Is your financial house built on rock or sand?
I have been advising and counseling others on how to build true wealth for the past fifteen years. I have seen my personal share of ups and downs and witnessed thousands of others. The 2008-2009 financial crises was sure a wake-up call for many investors as they watched the financial system they trusted for their future collapse in a few short months.
It got me thinking about how many people, Christians included, built and continue to build their financial houses on sand. I am reminded of Matthew 7:24-26:
“Therefore everyone who hears these words of mine and puts them into practice is like a wise man who built his house on the rock. The rain came down, the streams rose, and the winds blew and beat against that house; yet it did not fall, because it had its foundation on the rock. But everyone who hears these words of mine and does not put them into practice is like a foolish man who built his house on sand.”
Five steps to help you build a solid foundation
Early this year I set out on a journey to see who thrived in 2009 and who barely survived. I conducted nearly 600 interviews to determine if there was a solid difference between those who did well in difficult times and those who fell apart. The numbers were alarming! Only 5% thrived and moved forward financially during the difficult times in 2009 while 95% of those I interviewed took major setbacks and fell deeper into debt or lost major ground.
Of the 5% who thrived, there were some major common threads:
- They identified what they valued most in life. They had spent time finding what they loved to do and how to get paid generously for it.
- They discovered their meaningful purpose in life. They concentrated on using their key strengths and abilities to add value to the world and bless others.
- They designed their compelling vision for their future. Most had three, five, and ten year goals almost memorized! They knew where they were heading and had a good idea on how they were going to get there.
- They had a real personal mission statement. Though many of them did not call it a “mission statement”, they lived their life like they were on a mission. Their financial and business lives had clarity and purpose; they created a sense of urgency, and were persistent in their attempts to succeed. If your personal goals and dreams have deep meaning to you then you are far more likely to succeed financially.
- They not only set goals, they created an action plan. This helped them implement their mission, live their values, and work toward achieving their vision. They hired a good team of advisors and had great council and accountability to set their paths straight.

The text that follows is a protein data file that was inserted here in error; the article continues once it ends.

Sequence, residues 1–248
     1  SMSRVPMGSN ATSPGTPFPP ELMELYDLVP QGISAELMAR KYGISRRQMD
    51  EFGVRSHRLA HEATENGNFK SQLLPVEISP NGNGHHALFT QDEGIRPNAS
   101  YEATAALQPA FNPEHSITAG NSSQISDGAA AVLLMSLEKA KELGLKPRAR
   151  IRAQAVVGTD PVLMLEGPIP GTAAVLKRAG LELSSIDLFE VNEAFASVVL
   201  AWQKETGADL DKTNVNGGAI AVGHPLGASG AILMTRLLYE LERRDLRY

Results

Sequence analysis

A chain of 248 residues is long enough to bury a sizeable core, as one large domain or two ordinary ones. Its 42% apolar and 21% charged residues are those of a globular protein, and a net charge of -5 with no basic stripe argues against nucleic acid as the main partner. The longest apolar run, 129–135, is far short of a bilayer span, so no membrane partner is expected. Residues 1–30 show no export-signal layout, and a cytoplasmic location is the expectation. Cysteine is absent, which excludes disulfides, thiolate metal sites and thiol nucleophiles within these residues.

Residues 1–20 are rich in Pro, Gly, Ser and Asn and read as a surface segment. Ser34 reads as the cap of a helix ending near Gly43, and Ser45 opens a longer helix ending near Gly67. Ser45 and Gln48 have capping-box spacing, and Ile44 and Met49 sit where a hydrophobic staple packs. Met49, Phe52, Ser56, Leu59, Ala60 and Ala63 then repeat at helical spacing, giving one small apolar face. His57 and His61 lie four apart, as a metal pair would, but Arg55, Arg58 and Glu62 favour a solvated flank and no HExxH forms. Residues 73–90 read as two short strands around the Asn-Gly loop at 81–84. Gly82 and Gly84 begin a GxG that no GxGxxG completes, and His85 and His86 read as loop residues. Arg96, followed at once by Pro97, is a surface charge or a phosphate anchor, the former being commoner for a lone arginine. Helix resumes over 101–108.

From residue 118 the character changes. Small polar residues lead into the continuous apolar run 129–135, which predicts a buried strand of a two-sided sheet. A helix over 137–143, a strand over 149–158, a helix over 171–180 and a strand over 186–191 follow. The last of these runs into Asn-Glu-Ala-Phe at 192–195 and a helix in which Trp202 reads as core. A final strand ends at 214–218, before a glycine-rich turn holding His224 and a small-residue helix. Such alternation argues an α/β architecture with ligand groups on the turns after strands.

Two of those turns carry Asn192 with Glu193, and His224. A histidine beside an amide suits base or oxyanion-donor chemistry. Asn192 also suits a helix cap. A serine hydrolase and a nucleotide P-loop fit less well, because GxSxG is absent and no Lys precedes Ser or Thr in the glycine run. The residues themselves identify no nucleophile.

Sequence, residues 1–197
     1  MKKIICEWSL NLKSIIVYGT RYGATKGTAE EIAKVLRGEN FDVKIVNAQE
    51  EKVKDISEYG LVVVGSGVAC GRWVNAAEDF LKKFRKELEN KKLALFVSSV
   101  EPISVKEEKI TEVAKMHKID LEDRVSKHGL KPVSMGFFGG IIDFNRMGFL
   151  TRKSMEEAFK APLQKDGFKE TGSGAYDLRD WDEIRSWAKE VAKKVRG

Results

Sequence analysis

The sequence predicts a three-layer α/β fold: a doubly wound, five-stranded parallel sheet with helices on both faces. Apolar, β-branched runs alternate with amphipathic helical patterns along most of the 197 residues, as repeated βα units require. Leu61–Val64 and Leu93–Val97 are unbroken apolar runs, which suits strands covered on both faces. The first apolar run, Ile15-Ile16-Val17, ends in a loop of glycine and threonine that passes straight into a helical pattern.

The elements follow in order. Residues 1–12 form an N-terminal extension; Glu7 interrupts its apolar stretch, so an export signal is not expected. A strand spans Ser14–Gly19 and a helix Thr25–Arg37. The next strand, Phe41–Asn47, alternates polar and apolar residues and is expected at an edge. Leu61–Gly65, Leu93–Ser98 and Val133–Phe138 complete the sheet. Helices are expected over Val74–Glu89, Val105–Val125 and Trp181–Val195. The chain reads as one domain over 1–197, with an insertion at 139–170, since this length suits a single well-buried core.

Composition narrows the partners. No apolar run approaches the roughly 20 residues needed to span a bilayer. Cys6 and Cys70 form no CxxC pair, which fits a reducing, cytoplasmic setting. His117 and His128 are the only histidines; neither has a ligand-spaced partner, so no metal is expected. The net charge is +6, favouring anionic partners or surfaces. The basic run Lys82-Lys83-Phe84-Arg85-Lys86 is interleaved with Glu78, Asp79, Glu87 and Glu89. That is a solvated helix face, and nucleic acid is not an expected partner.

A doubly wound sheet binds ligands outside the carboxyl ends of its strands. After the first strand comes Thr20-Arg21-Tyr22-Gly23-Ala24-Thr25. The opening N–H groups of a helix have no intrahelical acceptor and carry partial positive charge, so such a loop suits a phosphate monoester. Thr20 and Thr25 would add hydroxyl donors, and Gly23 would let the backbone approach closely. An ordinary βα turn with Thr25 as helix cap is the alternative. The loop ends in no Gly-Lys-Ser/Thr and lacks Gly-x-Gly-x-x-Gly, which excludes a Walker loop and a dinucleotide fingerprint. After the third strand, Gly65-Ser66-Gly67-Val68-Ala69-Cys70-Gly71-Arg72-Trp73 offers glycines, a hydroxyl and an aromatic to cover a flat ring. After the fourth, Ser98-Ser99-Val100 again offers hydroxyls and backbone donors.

Because of my key learning and my desire to help others see how they can thrive and not just survive, I just finished an eBook called “Thrive in Your Life – Creating the life you were meant to live”. It describes the Five to Thrive Principles I uncovered as I interviewed those who were succeeding financially.
Thrive Principle One: Become a passionate income earner
Of those who become wealthy, very few become wealthy from the stock market itself. By far, the number one way to becoming wealthy is through finding a way to get paid doing something you absolutely love.
Thrive Principle Two: Become a generous giver
Many fail to give back to our society because they insist they have the lack of two precious resources – time and money. However, those who are most successful often give more than 10% of their income away and spend countless hours volunteering and sharing their time and talents to bless others.
Thrive Principle Three: Become a wise investor
Investing does not just mean haphazardly investing in a mutual fund. Most investors hand over their hard earned dollars to let someone else handle their investments. This can often be the worst thing you can do. Those who are successful invest rather than gamble. Warren Buffet, for example, does not invest a dime in anything unless he is quite certain it will go up in value. That is investing. Gambling, on the other hand, is committing money to a stock, a mutual fund, or something else without a clue as to whether it will go up or down. Too many people gamble rather than invest.
Thrive Principle Four: Become a cautious debtor
If 2008-2009 didn’t teach us anything, debt can be a huge deterrent from gaining wealth. There are good, bad, and ugly uses of debt. Far too many American use debt foolishly and it keeps them enslaved rather than reaching the desired destination – financial freedom!
Thrive Principle Five: become a prudent spender
Those who succeed financially evaluate each spending decision from a variety of angles. They look at price, value, durability, and how it lines up with their life purpose. Just because you have more money doesn’t mean you can or should spend more, especially if your spending doesn’t line up with you life’s values. Those who are successful, despite having wealth, still carefully analyze. Want to the results of being wealthy and missing this principle? How many lottery winners, sports stars, actors and actresses, and other celebrities go bankrupt after earning millions of dollars?